This is the story of Dick Xxxxx, an 86 year old man, paralyzed on his right side from a previous stroke. Proud and independent, he lived alone in a rural town on the south end of Hawaii Island and participated in senior activities until he was hospitalized (due to ______).
By 2020, one out of every four people in Hawai‘i will be 60 years or older. It is expected that between 2020 to 2030 the growth in the number of older adults 60 years of age and older in the State of Hawaii will increase by 17% and represent 28% of the State’s total population. In addition, there will be a 31.7% increase in older adults 85 years of age and older over the next 10 years between 2020 to 2030. In Hawaiʻi County it is expected to triple from the years 2000 to 2030 to almost 80,000 older adults.
Once released, my friend took over his care. Later, he fell and hit his head, an emergency room CT scan showing a brain abnormality. He was admitted to the hospital, where an MRI showed a glioblastoma tumor, deep in his brain. He was life-flighted to Maui.
While Hawai`i’s older adults enjoy long lives, 87% of older adults have one or more chronic conditions. Chronic disease prevalence of Hawai`i’s older adults differs by ethnicity. Native Hawaiians and Filipinos have higher prevalence of diabetes, while Caucasians have higher incidences of cancers, and the Japanese have higher prevalence of hypertension. Hawaii County Office of Aging (HCOA) estimates that consumers in need of services will grow 3% each year.
My friend followed to Maui, where she learned that Dick had been given two to four months to live. At this point it was clear they needed to find a place for him to stay. They started looking for hospice homes, long term care facilities, rehab facilities–any place where he could live and be cared for. Not a single bed was available on Maui or on Hawaii. They exhausted every lead.
According to a recent study published in the JAMA journal, Hawai`i has the longest life expectancy (81.3 years of age) of any State in United States. Hawai`i was considered one of the healthiest states in the U.S. for several years with only 19% of its population being obese which is the lowest in the nation. In addition, only about 17% of the population smokes. Programs for Hawai`i’s older adults are available through statewide and local agencies (see reference below)
Finally a bed became available at the north end of Hawaii. They went there, where they were greeted by a woman who asked if Dick had income. I told her he had Social Security and told her the amount. “We’ll take it all,” she replied. Dick was put in a bed where all he could do was stare at a blank wall.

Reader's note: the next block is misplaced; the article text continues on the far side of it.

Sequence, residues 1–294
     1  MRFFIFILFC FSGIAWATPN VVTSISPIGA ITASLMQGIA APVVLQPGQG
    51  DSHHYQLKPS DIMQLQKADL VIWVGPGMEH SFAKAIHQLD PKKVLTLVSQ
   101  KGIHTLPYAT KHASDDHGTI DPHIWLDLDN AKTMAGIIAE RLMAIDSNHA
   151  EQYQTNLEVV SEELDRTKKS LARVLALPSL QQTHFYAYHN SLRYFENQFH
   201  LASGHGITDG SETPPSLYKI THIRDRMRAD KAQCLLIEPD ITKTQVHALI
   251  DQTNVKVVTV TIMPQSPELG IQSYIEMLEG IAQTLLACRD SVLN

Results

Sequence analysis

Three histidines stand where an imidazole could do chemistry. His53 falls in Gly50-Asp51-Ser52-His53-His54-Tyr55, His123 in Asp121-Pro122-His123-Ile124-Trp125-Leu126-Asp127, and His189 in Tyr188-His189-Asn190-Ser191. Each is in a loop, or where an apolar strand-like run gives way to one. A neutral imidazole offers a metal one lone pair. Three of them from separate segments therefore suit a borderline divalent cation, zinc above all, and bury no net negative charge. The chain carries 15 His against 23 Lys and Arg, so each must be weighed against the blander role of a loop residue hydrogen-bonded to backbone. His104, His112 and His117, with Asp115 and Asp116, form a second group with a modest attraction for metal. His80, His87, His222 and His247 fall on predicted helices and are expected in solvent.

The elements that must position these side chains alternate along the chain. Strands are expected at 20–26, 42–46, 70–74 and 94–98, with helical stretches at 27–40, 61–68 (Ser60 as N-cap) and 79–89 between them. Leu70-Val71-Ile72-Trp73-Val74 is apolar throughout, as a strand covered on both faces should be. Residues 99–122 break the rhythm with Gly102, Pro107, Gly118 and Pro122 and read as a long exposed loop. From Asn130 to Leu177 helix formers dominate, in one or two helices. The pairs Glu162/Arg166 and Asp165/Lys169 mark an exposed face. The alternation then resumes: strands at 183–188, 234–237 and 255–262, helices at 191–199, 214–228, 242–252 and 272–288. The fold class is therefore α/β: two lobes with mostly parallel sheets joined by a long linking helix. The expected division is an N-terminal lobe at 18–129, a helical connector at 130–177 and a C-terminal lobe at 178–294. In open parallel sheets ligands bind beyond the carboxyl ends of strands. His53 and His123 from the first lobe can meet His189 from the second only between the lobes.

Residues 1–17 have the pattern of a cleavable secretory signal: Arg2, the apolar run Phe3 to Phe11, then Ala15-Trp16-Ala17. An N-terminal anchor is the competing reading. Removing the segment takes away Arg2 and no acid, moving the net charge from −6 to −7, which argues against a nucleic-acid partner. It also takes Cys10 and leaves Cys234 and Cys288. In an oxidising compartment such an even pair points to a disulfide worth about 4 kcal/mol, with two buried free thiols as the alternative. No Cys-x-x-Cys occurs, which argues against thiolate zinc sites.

Ka’u District offer Senior Housing in Pahala operated by Hawaii Housing Authority. It is nearly renovated and open for applicants. There will be 24 units. Rent is 30 percent of income. To apply, call Hawaii Public Housing Authority at 808-933-0474. To read more http://kaunewsbriefs.blogspot.com/2019/12/kau-news-briefs-wednesday-december-11.html?m=1
Fortunately, a relative in Washington agreed to have him live in her home for the remainder of his days. Those less fortunate might have to just curl up on the grim reaper’s doormat. Interesting that none of the care-giving locations my friend contacted referred her to the Hawaii County Office of Aging.
Hawaii County Office of Aging (HCOA) is located 1055 Kino`ole Street, Suite 101 Hilo, HI 96720. Christian Alameda, County Executive Telephone: (808) 961-8600
In 2018, the The Hawaii State Department of Health, Executive Office on Aging (EOA) received a total of $19,269,823 in appropriations resulting in 12,100,000 (63%) in appropriations from State funds and $7,169,823 (37%) in appropriations from federal funds for services enabling older adults to remain in their homes and communities. These funds were used to support the following Kupuna Care (KC) core services (read more page 15 of State Plan)
Hawaii State Plan on Aging for 2019 – 2023, programs on pages 16-18 https://www.hawaiiadrc.org/Portals/_AgencySite/State%20Plan/StatePlanOnAging2019_2023.pdf
Hawaii County Office of Aging Plan for 2015-2019, programs and Acute, Long-Term Care Institutional, and Facility Care are listed on pages 33-41 https://www.hawaiiadrc.org/Portals/_AgencySite/AAA%20Plans/Hawaii%202015-2019%20Area%20Plan%20REVISED.pdf